And part of the reason I think this worked so well was that this book is the other side of the Old Kingdom Universe coin, a foil to the first three books. Sabriel, Lirael and Abhorsen tell the stories of young women who haven’t found their places yet, who are thrown out of their comfort zones into truly brutal environments and forced with very little support to discover their destinies and save the world – and they succeed spectacularly.
But the exact opposite happens to Clariel – the environment she’s forced into isn’t hostile; she has a multitude of possible friends and mentors, numerous new skills she could learn and become competent at. The possibilities are endless, her future completely in her hands.
And the tragedy of it all is that, even with all this potential, Clariel is still completely isolated and fails miserably at anything she attempts. Her friends and mentors have their own agendas; she is given no time to adjust to Belisaere before being given responsibility far beyond her capabilities; and her own stubborn loner personality prevents her from reaching out to the right people, asking for help at the right times – even recognizing possible dangers until it’s too late. Out of the perfect situation is created the perfect storm.
So of course the pacing of the story is going to be rough, of course the best characters are going to be underutilized – if the story had been steadier, if the right characters had been present, then Clariel wouldn’t have turned out the way she did.
The people who are supposed to be role models, whose jobs it is to take care of the Kingdom and its people, are so wrapped up in their own wants, their own personal grudges, that a very stable situation turns to shit in a matter of weeks. They have all the resources, all the energy and all the time in the world to do their jobs, and they waste all of it completely. And Clariel is caught in the middle of this whole mess, disoriented and alone, and the story shows that.
Another complaint I saw was that this wasn’t a whole story, that it felt like a rough draft that was missing a good conclusion and a good protagonist. And they’re right, this wasn’t a complete story and it did lack a sympathetic protagonist.
Clariel isn’t a full story: it’s a snippet, a couple weeks pulled from history to help us understand how things were and how they came to be what they are now. No, the story didn’t finished: we didn’t get to see all of Clariel’s history, only the beginning of her descent into the horrifying Greater Dead creature we saw in Lirael and Abhorsen.
But that’s the point. Nix purposefully leaves the rest of the story untold, forcing us to imagine how far both Clariel/Chlorr and the Old Kingdom have come in the intervening 600 years. One of my complaints about Sabriel is that we were told very little about how the Old Kingdom was in Touchstone’s time, forced (again) to imagine how it was and how it came to be what it was in Sabriel’s time. I think Clariel fulfills that role – it creates a third point of reference so that we can better track the changes to the Old Kingdom over time.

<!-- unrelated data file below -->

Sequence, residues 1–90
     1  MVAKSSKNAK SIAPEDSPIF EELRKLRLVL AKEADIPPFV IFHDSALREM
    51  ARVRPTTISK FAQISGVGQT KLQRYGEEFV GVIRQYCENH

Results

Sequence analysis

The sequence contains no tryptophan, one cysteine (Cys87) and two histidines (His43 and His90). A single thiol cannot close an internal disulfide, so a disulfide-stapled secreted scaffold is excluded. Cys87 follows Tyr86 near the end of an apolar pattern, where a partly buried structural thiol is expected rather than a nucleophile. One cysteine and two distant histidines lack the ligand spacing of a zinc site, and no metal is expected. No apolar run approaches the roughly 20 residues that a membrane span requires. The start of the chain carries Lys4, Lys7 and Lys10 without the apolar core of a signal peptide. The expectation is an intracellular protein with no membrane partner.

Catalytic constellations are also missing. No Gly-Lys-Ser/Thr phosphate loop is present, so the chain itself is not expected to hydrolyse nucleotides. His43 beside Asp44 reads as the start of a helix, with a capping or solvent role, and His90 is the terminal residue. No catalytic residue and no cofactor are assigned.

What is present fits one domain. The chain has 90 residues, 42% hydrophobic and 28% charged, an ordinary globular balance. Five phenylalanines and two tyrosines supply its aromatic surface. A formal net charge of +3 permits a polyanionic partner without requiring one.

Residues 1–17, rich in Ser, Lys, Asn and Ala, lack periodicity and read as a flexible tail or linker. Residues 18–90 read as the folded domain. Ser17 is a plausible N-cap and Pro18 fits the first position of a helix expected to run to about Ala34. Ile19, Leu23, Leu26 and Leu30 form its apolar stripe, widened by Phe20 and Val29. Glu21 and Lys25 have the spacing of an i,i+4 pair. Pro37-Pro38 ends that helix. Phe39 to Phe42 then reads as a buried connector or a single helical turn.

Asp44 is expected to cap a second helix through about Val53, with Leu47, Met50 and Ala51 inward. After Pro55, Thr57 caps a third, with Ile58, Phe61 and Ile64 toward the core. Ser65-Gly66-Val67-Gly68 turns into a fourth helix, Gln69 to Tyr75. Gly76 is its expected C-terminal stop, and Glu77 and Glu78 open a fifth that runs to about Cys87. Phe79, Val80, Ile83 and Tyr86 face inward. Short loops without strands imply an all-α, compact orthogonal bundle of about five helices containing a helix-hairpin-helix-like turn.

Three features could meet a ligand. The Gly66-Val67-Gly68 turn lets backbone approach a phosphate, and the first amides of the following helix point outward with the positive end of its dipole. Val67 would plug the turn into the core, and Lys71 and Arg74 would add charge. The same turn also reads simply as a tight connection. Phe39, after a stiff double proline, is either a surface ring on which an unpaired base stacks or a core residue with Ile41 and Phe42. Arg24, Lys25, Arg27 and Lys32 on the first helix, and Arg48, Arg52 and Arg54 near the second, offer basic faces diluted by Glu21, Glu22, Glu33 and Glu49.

That’s why the book was so worldbuilding-heavy, and why Clariel’s story took a backseat at times to the machinations and worries of other characters. This book was the tale of a participant in a larger story, a few weeks during a minor crisis – in a history of the Old Kingdom, Clariel, daughter of Jaciel and Harven, would be a footnote, perhaps not even given a paragraph in the chapter of the 1300s AW.
This story is completely Clariel’s, her point-of-view on full display and her experiences in detail. But it’s also not hers at all, because she’s only one cog in the greater political and magical machines of the Old Kingdom.
So don’t be so hard on the book – it wasn’t supposed to be a regular book, and I don’t think it would’ve been any good if Nix had written it as such.
Pre-read obsessive updating has been deleted to save characters, but I've kept the art links.
“Anyone can go into death” said Mogget, with a smirk. “Coming back again is the difficult part.”
I am loving this series so much! Clariel is a prequel to The Old Kingdom series, about 600 years earlier.
Clariel likes her life, sure her parents could be a bit more caring and pay a bit more attention, but she’s got her Aunt Lemmin and the wonderful forest she loves to explore. So when her parents decide the family is going to up and move to Belisare, and send her to a ‘finishing school’ Clariel is heartbroken. She cannot bear to be torn away from her beloved forest.
“Does the Walker choose the path, or the path the Walker?”
School is no better. She is taught how to pour tea, and the correct way to introduce herself to other noble men and women, as well as the art of charter magic, something she has never thought much of before.
Belisare is full of tension and political intrigue. The King has withdrawn from all duties, and the Governor has taken over without anyone really noticing or calling him out on it. When everything blows up and things get cray, Clariel is moved to her grandfathers house - the current Abhorsen. But she knows it’s just another prison, another blockade keeping her from the forest she desires so badly, so Clariel plans to escape, by any means necessary. Clariel is different to the previous books I’ve read in this series. There is less of the ‘death’ parts and less Charter magic. But there is more focus on free magic and the other side of things. Overall I thoroughly enjoyed this one and I’m excited to jump into the final book!